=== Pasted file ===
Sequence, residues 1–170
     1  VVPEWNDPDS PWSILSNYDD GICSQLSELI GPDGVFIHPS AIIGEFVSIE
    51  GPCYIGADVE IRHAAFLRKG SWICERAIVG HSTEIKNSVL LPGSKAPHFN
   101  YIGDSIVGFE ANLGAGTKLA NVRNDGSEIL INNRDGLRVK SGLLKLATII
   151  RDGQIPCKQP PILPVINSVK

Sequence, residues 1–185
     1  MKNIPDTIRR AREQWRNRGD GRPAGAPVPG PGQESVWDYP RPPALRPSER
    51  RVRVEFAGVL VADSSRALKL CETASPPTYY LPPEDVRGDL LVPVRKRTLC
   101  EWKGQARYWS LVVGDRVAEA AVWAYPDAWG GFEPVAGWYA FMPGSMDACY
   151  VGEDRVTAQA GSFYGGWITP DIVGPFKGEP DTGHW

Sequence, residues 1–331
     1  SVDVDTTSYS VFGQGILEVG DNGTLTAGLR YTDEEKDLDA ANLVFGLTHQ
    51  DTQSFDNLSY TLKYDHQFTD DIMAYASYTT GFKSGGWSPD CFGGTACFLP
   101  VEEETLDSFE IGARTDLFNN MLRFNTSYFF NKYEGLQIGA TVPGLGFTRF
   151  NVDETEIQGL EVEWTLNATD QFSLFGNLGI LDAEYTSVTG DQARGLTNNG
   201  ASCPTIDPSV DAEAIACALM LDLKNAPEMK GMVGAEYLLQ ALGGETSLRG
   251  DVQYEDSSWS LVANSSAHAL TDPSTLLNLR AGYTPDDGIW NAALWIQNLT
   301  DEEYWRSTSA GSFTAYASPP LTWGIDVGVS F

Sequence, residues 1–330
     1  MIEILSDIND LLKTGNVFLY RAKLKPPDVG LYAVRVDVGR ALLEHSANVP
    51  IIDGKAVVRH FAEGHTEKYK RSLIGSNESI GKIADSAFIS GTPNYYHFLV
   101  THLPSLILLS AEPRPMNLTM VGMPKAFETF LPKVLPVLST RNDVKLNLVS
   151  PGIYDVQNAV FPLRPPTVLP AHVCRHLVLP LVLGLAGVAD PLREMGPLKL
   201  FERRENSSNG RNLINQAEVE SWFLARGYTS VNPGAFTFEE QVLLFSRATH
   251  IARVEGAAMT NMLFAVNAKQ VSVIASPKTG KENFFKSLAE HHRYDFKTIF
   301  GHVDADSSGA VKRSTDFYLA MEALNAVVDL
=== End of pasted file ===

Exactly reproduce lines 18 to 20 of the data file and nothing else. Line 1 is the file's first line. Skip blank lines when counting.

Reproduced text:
   301  DEEYWRSTSA GSFTAYASPP LTWGIDVGVS F

Sequence, residues 1–330
     1  MIEILSDIND LLKTGNVFLY RAKLKPPDVG LYAVRVDVGR ALLEHSANVP